A review of Dear Agony, Breaking Benjamin’s latest album
By Caleb Nelson
Agony isn’t fun for everyone, but it sells CDs. Inspired extensively by break ups and unrequited wrongs, Benjamin Burnley and his band of pseudo pariahs found their niche: grave guitar riffs and gloom. What fun to wallow in pain.
Named after a broken microphone from a 1998 open mic night, where Burnley played Nirvana covers, Breaking Benjamin has been on the fringes of mainstream alt-metal since they released their first single, Polyamorous, in 2002.
Four albums later, their 2009 release of Dear Agony made the band more popular than ever, shooting them to number 40 on Billbord’s Hot 100 list with the single I Will Not Bow. The song also received exposure because it is on the soundtrack for the new Bruce Willis movie, Surrogates. Lately it’s gotten extensive radio play, and iTunes listeners can’t get enough of it. 2,777 of them gave the album an astonishing five star rating.
Dear Agony could easily be labeled Breaking Benjamin’s most melancholy album to date, but the formula hasn’t changed. Burnley’s hard to resist self-harmonizing vocals, and almost embarrassingly raw honesty apparently sells.
In another eleven misery ridden tracks Burnley aptly expresses the incongruent feelings of teen angst, even though at 31, he is nearly twice as old as the vast majority of his fans. Perhaps exclusively written for people who want to paint their rooms black and probably take pride in their Prozac prescription, this album bleeds all over everything from first strum to string outro.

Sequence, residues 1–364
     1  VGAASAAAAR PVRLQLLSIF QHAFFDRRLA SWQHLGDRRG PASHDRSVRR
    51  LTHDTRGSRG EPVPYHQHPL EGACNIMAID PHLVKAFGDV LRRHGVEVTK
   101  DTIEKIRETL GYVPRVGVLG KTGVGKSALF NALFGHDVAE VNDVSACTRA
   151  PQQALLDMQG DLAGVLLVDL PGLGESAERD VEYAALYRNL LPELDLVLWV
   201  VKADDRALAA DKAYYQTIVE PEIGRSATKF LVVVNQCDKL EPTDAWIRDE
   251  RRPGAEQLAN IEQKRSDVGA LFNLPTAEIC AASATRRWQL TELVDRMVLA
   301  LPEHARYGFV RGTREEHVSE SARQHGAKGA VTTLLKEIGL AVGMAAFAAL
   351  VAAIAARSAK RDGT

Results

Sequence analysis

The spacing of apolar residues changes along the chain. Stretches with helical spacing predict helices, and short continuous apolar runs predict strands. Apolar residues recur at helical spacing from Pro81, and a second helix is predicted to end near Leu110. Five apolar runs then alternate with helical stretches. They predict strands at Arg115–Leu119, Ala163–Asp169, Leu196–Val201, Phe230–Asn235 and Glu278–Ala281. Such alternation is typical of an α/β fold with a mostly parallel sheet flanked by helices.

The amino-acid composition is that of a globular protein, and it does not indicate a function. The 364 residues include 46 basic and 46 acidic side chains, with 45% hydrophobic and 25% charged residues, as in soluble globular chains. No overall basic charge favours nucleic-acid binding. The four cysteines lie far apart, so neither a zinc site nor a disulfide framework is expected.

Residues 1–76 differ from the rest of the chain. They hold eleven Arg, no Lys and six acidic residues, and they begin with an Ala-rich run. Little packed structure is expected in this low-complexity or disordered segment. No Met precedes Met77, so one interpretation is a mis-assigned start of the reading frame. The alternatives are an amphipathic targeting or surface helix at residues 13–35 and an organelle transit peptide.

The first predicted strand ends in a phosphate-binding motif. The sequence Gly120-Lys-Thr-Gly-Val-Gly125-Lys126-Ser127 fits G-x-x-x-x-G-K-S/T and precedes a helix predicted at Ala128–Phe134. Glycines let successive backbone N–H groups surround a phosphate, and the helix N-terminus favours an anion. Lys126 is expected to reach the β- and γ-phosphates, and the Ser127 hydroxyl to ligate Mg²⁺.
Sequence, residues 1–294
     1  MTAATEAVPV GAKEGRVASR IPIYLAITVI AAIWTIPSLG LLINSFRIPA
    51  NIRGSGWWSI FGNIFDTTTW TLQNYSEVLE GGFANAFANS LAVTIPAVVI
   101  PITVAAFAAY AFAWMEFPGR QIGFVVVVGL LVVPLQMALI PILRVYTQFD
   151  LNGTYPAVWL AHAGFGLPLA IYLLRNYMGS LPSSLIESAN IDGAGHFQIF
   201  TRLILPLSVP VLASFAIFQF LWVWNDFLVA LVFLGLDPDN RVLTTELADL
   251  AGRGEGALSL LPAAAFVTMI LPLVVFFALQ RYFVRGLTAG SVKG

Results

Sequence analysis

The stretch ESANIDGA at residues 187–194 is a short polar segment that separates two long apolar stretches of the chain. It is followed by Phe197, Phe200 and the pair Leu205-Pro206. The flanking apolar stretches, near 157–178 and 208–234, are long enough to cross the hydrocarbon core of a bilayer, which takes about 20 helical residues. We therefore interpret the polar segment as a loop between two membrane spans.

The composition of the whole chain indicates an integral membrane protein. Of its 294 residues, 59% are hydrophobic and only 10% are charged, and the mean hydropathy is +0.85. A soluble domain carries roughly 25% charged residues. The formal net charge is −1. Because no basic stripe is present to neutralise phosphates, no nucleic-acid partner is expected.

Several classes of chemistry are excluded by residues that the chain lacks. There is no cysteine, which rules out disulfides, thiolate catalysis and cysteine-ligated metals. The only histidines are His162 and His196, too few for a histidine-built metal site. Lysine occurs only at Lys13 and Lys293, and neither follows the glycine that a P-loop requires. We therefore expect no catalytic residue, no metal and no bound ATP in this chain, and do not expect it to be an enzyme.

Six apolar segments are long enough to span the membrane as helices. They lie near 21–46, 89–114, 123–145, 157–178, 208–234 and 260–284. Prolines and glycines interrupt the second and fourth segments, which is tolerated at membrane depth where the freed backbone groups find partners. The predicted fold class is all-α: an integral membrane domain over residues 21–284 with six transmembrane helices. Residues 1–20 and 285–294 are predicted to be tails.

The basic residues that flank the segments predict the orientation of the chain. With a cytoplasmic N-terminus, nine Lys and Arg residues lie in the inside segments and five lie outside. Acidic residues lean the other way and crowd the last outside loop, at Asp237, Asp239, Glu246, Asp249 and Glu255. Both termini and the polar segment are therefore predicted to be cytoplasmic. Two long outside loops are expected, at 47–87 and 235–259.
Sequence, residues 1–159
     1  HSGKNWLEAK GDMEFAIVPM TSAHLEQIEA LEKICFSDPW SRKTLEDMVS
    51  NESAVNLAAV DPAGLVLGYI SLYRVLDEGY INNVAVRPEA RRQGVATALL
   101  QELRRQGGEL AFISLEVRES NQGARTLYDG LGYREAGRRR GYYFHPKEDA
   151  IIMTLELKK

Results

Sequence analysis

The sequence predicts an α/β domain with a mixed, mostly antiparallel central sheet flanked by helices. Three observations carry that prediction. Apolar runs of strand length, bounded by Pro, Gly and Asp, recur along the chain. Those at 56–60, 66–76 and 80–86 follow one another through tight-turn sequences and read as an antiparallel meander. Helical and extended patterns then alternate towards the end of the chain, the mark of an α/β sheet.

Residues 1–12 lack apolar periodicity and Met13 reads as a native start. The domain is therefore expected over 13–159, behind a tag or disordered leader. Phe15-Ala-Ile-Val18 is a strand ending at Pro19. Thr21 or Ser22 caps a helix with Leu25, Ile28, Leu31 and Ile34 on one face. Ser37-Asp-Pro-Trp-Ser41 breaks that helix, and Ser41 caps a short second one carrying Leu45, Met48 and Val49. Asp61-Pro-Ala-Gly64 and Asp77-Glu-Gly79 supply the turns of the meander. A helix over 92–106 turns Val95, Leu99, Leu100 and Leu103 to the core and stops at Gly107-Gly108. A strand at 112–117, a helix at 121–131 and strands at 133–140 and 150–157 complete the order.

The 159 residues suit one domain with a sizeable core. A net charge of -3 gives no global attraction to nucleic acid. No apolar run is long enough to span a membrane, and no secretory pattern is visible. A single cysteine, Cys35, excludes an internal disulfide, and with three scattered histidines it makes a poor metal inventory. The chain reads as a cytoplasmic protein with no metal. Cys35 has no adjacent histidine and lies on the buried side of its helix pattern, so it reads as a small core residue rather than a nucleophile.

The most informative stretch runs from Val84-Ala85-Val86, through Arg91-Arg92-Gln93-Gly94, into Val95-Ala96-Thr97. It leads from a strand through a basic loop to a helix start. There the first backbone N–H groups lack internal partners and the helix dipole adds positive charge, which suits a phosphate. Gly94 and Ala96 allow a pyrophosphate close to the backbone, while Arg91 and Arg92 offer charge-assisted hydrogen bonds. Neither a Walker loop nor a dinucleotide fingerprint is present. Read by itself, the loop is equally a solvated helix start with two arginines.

It’s like a guy with a paper cut that won’t put on a band-aid.
The guttural screams over pop-grungy melodies meticulously craft an illusion of anguish with all the nonchalance of a lion with a thorn in its paw. Giddy with pain, Burnley manages to mellow his way into bridges, repeating words like “you’re dead alive” in sorrowful tones. But the choruses pick the pieces up with head splitting consistency.
Perhaps some of these lyrics are direct accounts of Burnley’s struggles with alcoholism. It certainly makes sense since the album cover is a scan of the singer’s alcohol addled brain.
"I've suffered permanent brain damage through alcoholism," Burnley said in an interview with Billboard. "I don't want to say that I'm proud to have stopped, but I'm glad I realized that I wanted to stick around for a while."
Burnley has been sober for two years, and Dear Agony is his first musical effort since he quit drinking. It seems that the alcohol didn’t make him any better musically, but sobriety certainly quelled any conflict in his lyrics. This album reeks of self-abasement and misery – not a smidgeon of rage to be found.
As long as adolescents thirst for affirmation that life is difficult, the music industry continues to pay artists who manufacture despair. Maybe after this album Breaking Benjamin will have made enough money to quell their infectious depression.